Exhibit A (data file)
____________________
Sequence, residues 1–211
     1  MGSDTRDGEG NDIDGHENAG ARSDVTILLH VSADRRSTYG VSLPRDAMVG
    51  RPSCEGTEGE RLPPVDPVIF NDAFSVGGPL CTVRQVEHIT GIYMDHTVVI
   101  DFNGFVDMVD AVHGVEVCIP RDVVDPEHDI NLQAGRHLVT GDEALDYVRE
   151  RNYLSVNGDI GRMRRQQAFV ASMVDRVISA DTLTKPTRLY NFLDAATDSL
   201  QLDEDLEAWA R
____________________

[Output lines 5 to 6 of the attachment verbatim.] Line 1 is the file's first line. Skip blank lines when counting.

   151  RNYLSVNGDI GRMRRQQAFV ASMVDRVISA DTLTKPTRLY NFLDAATDSL
   201  QLDEDLEAWA R